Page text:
The Indiana Department of Education released its letter grades for Indiana schools Wednesday. But what do those grades mean?
Posted on Nov. 4, 2012 at 1:00 a.m.
When Amy Howard saw the list of grades the state assigned to local schools, there were some she expected and some that she didn’t.
“I was a little shocked that my daughter’s school, Orchard View (in Middlebury), received a B instead of an A,” she wrote to a reporter. “Orchard View is very active in my daughter’s life and she has learned so much in her kindergarten classroom.”
She’s glad the Indiana Department of Education (IDOE) gives grades to schools, though, to help parents make choices about where to send kids to school, she said.
“I firmly believe it is how they are taught as to how they will do on tests and if they graduate,” she said.
Some readers commented on The Elkhart Truth’s online forums Wednesday, applauding schools who earned As and criticizing or explaining what’s happening in the schools that earned lower grades.
Elkhart Superintendent Robert Haworth said after the grades were released Wednesday, that, just like on a student’s report card, sometimes the lower grades actually represent more growth than some of the higher grades.
“Even though our accountability grades aren’t all what we’d like, in the five months I’ve been here, I have yet to come across someone who wasn’t giving an A effort,” he said.
For Wa-Nee schools, the results are causing a celebration. Wa-Nee Superintendent Joe Sabo sent an email to all staff Wednesday after the release of the grades, alerting them of the A for every Wa-Nee school. The school corporation is planning a celebration for its teachers and staff next week.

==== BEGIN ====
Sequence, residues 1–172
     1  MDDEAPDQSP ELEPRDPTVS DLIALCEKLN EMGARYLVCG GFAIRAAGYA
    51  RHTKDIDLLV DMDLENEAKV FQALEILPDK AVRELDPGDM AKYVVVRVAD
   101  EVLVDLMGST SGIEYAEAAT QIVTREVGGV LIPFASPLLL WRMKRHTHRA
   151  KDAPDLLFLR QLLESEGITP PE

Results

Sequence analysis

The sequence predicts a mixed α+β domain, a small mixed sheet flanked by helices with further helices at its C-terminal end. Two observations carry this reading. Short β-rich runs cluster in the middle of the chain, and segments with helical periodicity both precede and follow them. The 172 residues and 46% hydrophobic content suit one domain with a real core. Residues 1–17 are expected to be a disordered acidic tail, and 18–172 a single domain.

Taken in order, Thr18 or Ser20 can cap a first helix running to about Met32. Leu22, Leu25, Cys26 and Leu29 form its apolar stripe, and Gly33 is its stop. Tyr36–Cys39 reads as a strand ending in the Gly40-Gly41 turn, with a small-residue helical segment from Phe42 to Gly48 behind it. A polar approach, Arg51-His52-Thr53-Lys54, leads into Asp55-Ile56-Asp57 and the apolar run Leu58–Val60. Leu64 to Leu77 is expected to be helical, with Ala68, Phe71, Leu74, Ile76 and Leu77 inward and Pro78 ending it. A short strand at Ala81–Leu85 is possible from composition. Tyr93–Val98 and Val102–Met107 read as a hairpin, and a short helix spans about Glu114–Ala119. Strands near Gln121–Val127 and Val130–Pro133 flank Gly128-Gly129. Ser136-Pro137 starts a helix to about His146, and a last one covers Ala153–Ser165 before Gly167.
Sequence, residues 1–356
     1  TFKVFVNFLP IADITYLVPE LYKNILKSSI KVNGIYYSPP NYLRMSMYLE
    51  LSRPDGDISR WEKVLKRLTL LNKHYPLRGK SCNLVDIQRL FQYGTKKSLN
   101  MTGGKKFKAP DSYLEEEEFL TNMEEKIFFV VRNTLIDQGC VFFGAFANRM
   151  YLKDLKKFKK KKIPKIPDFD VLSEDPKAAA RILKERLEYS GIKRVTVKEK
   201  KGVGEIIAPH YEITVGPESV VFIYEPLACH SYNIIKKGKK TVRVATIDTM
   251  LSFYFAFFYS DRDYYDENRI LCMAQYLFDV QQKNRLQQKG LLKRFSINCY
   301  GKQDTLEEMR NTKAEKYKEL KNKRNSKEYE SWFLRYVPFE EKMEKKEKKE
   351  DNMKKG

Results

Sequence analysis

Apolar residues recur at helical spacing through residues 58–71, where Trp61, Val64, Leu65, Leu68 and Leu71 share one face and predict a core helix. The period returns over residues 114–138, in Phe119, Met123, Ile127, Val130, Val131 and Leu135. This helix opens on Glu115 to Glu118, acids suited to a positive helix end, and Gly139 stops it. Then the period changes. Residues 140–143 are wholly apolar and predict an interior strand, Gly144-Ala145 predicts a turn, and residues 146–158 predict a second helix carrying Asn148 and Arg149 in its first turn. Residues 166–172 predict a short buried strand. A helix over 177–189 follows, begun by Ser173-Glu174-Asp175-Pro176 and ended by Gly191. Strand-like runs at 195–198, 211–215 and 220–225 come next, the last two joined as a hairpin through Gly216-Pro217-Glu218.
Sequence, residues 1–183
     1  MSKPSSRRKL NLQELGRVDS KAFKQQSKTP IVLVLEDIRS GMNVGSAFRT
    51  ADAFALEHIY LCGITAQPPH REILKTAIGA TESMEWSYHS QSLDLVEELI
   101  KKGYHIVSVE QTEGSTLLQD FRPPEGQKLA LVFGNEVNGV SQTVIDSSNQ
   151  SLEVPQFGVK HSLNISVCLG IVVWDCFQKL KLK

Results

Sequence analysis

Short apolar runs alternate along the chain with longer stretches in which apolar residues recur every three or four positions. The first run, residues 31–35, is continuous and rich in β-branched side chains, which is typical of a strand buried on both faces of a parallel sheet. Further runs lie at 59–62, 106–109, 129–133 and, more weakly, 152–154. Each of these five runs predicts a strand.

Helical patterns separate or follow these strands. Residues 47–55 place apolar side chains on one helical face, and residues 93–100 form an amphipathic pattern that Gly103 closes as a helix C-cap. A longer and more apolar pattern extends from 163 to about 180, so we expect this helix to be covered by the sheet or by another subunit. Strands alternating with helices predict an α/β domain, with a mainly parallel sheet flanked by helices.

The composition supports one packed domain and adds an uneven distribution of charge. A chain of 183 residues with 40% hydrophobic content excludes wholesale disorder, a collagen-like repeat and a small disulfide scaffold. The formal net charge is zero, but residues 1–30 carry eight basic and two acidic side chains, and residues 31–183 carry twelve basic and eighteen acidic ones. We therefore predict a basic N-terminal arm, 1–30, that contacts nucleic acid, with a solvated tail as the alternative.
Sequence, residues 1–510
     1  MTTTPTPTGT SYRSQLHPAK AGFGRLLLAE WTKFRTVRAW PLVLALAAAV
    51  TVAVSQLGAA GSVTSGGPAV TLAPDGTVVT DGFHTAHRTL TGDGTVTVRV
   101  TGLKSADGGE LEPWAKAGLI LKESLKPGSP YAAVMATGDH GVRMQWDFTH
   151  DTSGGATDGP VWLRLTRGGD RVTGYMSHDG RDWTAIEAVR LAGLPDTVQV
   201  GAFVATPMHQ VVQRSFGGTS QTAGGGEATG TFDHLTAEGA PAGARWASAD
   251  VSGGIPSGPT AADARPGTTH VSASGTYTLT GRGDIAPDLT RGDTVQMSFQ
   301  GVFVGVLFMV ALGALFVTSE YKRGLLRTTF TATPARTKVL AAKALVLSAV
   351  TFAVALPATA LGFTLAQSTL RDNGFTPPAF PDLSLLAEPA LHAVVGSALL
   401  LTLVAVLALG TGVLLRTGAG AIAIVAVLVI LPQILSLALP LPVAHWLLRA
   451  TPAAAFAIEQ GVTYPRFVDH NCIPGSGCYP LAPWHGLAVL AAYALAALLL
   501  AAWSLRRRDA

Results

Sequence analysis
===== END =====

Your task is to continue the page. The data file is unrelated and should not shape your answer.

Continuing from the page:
HOW THE GRADES ARE DETERMINED
Through the new grading model, the number of students who pass state standardized tests is taken into account as well as the amount of growth each student makes from year to year on those tests.
According to the IDOE, for elementary and middle schools, each school receives a preliminary score based on the percentage of students that passed state standardized tests, including Indiana Statewide Testing for Educational Progress-Plus (ISTEP+); Indiana Modified Achievement Standards Test (IMAST), a test for some students with disabilities; and the Indiana Standards Tool for Alternate Reporting (ISTAR), another test for some students with disabilities.
At the same time, each student is put into a group with students from across the state who earned the same score on last year’s test. Each student’s score on this year’s test is then compared to the rest of that group and determined by the IDOE to be making low or high growth compared to that student’s cohorts.
The preliminary grade a school earned for the number of students passing those tests can then be raised or lowered according to how many students showed high or low growth. In a hypothetical school where all students passed a state standardized test, but did not show high improvement compared to other students, that school’s grade would be lowered.